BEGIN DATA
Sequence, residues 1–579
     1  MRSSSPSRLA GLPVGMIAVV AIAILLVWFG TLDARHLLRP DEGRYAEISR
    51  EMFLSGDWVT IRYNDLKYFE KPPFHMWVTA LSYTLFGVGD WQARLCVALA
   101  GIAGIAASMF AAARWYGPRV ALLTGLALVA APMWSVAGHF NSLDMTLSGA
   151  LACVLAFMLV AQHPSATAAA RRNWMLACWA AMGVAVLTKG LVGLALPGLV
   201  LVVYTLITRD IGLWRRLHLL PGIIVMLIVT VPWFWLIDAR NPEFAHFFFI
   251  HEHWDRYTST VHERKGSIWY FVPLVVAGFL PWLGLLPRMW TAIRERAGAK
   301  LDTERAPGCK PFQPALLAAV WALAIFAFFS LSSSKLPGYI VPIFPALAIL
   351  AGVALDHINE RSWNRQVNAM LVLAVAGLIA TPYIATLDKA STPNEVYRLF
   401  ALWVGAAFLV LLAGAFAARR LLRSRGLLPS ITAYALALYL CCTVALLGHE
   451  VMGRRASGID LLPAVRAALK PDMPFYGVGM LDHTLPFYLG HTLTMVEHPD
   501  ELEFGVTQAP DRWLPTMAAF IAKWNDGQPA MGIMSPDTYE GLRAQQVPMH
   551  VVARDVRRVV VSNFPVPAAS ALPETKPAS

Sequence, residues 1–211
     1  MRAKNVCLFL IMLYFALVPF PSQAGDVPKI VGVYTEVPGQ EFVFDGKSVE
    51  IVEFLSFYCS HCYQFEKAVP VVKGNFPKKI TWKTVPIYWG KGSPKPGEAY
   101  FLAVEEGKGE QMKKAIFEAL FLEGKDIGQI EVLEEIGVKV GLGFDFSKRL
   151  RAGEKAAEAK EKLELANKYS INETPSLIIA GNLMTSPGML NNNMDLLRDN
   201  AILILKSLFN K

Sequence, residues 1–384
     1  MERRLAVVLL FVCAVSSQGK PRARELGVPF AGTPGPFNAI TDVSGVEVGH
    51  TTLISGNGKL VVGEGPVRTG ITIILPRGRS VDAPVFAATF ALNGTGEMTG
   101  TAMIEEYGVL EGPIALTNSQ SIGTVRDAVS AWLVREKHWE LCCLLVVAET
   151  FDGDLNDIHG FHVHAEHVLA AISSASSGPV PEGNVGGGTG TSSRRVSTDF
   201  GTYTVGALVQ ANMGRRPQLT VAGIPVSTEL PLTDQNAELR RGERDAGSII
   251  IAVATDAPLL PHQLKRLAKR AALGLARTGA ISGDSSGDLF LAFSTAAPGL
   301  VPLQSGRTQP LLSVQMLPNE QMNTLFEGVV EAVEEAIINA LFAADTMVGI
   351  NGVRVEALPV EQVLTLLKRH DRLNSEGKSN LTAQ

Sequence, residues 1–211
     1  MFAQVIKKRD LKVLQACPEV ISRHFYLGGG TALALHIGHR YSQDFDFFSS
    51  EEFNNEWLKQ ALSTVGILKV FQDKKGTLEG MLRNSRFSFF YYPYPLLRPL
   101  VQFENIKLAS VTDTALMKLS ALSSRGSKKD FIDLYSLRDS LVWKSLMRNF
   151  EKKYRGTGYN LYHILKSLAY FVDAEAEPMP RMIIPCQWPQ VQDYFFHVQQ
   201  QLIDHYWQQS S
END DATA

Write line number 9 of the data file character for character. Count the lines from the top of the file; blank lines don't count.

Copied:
   351  AGVALDHINE RSWNRQVNAM LVLAVAGLIA TPYIATLDKA STPNEVYRLF